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About rnlf_in_space

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  1. Too Many Roads With No Map

    When you're just starting to learn programming and want to do so while making games, why not give LÖVE a try. It's a very powerful but relatively basic and easy to learn 2D game engine. It just takes a few minutes to understand the basics and get an image on screen and a few more to make the image move. It used Lua as its user programming language, which is a very small language that will allow you to focus on the basic principles of programming. But don't think it's a beginner language, it is tremendously powerful when used skillfully.
  2. Leaving a company at a critical moment

    During the interview for the job I have now, I told the interviewer that I felt it was my obligation to help my previous (then current) company finish an important project and asked them to let me start 2 months later. I expected that to be a problem for them, but quite the contrary: After the interview, they told me they had talked about that and found it meant I was a loyal person and that they felt assured that if I ever left the new company, I'd give them enough time to find a replacement, too. Have you tried talking to the new company about the issue? Maybe they are more open to it than you think.
  3. C++ Convert functions to linux (gcc)

    I think you may want to use CLOCK_MONOTONIC_RAW instead of CLOCK_MONOTONIC. It doesn't make a huge difference, and mostlikely never causes any notiveable problems, but CLOCK_MONOTONIC may run slower or faster than "real" time, when the clock gets adjusted. Basically, a correctly implemented tool to set system time on a UNIX system will not just set the new time, but rather slow down or speed up the system clock to gradually go to the new time. This is so that there are no jumps in the system time, which will throw off a bunch of things on a UNIX system. CLOCK_MONOTONIC is subject to these adjustments, so you might experience a time where your game does not actually measure one second of realtime as one second, but rather as 1.1s or something like that. CLOCK_MONOTONIC_RAW is never sped up or slowed down.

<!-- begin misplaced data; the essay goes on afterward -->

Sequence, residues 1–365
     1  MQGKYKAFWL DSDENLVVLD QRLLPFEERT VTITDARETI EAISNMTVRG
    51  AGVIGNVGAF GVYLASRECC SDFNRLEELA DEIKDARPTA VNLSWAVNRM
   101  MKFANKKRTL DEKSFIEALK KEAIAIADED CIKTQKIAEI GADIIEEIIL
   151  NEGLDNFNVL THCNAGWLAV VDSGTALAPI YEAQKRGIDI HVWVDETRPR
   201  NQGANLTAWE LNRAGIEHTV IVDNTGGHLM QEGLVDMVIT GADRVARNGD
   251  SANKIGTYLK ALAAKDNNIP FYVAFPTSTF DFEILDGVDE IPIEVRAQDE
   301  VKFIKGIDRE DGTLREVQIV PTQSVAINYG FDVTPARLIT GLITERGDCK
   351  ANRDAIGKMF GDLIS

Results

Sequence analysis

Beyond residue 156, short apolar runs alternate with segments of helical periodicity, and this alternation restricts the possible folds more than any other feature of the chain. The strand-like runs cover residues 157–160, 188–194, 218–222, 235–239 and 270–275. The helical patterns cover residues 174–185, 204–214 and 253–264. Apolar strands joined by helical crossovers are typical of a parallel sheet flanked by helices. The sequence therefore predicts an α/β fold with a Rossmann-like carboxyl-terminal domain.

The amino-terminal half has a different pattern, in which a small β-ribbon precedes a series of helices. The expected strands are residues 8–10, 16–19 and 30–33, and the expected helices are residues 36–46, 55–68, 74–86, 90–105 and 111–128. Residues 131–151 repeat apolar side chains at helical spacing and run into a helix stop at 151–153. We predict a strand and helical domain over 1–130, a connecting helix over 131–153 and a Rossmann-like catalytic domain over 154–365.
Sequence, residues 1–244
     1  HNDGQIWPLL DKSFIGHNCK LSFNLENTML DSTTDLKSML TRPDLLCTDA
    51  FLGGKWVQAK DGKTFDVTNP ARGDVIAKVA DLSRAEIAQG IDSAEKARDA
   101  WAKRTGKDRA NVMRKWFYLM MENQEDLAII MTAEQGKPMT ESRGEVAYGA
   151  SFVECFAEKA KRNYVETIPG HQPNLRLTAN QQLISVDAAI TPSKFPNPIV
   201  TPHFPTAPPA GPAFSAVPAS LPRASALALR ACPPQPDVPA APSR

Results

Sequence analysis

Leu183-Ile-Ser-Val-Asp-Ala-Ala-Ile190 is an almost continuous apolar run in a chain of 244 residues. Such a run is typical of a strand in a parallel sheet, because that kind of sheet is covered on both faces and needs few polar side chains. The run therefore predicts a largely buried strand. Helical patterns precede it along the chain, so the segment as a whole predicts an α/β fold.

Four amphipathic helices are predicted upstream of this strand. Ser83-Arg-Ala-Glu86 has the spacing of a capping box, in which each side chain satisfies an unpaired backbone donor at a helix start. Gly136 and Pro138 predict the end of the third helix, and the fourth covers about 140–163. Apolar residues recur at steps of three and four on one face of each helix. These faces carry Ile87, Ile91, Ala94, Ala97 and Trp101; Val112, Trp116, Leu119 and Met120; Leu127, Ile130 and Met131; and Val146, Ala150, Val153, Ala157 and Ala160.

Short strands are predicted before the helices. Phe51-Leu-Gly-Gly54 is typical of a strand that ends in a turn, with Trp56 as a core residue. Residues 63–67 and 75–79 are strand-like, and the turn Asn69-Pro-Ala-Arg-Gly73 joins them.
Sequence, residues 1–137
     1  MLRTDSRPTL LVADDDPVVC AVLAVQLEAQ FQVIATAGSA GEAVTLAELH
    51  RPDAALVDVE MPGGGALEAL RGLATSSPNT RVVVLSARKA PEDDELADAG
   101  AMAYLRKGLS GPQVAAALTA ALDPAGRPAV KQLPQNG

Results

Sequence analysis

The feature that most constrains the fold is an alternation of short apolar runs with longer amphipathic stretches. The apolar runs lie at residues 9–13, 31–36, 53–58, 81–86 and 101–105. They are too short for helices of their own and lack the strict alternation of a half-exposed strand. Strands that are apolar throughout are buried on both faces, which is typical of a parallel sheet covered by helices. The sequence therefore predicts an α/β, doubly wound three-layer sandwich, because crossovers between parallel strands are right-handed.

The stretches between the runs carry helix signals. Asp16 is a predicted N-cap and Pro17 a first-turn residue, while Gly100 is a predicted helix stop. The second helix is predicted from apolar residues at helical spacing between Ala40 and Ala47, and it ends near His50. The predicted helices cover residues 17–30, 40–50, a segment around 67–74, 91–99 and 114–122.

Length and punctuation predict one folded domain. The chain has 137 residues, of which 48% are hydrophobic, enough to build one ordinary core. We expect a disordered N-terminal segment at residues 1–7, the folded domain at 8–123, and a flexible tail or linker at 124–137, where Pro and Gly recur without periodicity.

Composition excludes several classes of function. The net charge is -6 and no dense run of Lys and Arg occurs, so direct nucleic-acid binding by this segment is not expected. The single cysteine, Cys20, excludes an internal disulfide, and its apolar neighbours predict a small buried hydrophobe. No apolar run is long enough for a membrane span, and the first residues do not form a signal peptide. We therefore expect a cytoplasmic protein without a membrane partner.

4. C++ Convert functions to linux (gcc)

    There's clock_gettime in Linux. It gives you the time with nano-second resolution (but lower precision, usually), but clock_getres can be used to find the actual precision. You may want to use the clock named CLOCK_MONOTONIC_RAW to get the actual real time that has passed.
  5. C++ Bit manipulation returning wrong data

    I'm not sure why you even want to go through all the trouble of packing your data like this. Just return a struct { int mouse_x; int mouse_y; } and you're done.
  6. Video codecs: compressing delta values

    I don't know much about the topic, but you don't actually need one extra bit for the difference if you wrap the difference around at the 1-byte border: The difference from 255 to 0 is -255, but can be expressed as +1: (255 + 1) % 256 = 0. The difference from 0 to 255 is +255 and can be expressed as that: (0+255) % 256 = 255. PNG does that for some row filter methods if i'm not mistaken.
  7. std::string_view